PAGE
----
Tenzing's first time in the media's eye
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He loves the attention
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Having a snack of bamboo
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Tenzing climbing his treehouse
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A crowd of camera-wielding paparazzi gathered anxiously this morning at the San Francisco Zoo to capture a candid shot of San Francisco's newest celebrity. No, not Ryan Gosling—try ten-month-old red panda Tenzing.
And as you can see from the slideshow above, the critter gives Gosling a run for his money. But it took a while to get the shots. Cameras were raised and pointed at the small doors of his sleeping den, from which Tenzing was to make his entrance. A few shutters clicked prematurely. No sign. The crowd waited silently. And waited. And waited. It was a bit like waiting for a celebrity to leave his hot dinner date so we could accost him on the sidewalk outside about the fried quail he just ate.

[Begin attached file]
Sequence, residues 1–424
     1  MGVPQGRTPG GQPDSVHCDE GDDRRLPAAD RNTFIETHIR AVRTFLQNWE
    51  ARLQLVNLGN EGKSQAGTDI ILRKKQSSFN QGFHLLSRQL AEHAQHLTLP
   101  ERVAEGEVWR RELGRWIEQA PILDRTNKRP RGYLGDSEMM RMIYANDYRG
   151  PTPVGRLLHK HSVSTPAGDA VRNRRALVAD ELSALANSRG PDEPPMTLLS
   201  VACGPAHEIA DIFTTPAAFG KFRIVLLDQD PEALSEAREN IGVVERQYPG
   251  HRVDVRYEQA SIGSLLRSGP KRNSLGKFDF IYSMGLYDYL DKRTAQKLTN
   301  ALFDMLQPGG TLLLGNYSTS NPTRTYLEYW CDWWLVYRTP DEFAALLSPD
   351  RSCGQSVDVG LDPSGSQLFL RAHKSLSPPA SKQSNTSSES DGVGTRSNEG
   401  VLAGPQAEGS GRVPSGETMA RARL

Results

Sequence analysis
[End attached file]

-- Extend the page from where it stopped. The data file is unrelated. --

After a nearly thirty minute vigil, the adorably red-coated Tenzing emerged, sauntering like a cat up into his treehouse, where he remained nibbling on bamboo shoots as the crowd was overcome with camera clicks and emotions. His custom-built wooden structure is complete with ramps, bridges, and shoots of bamboo—a perch seemingly lifted from a page of Swiss Panda Robinson. The structure was built by Pete Nelson of Discovery Channel’s “Treehouse Masters” as a gift for San Francisco Zoo’s newest addition. Nelson admitted that he was surprised that the red panda was as dissimilar to a giant panda as he was, but he immediately fell in love anyway. He was excited to be building his first tree house not intended for humans.
The other big story of the day was the red panda's name, which was announced just before his debut, and which was bestowed by emeritus board member Barry Lipman and his wife Marie, who donated $31,000 for the right to christen a panda. Tenzing is named after the sherpa who accompanied Sir Edmund Hillary in climbing Mt. Everest.
Honoring his namesake, Tenzing managed to climb all the way to the top of his 20-foot tall treehouse. Beat that, Gosling.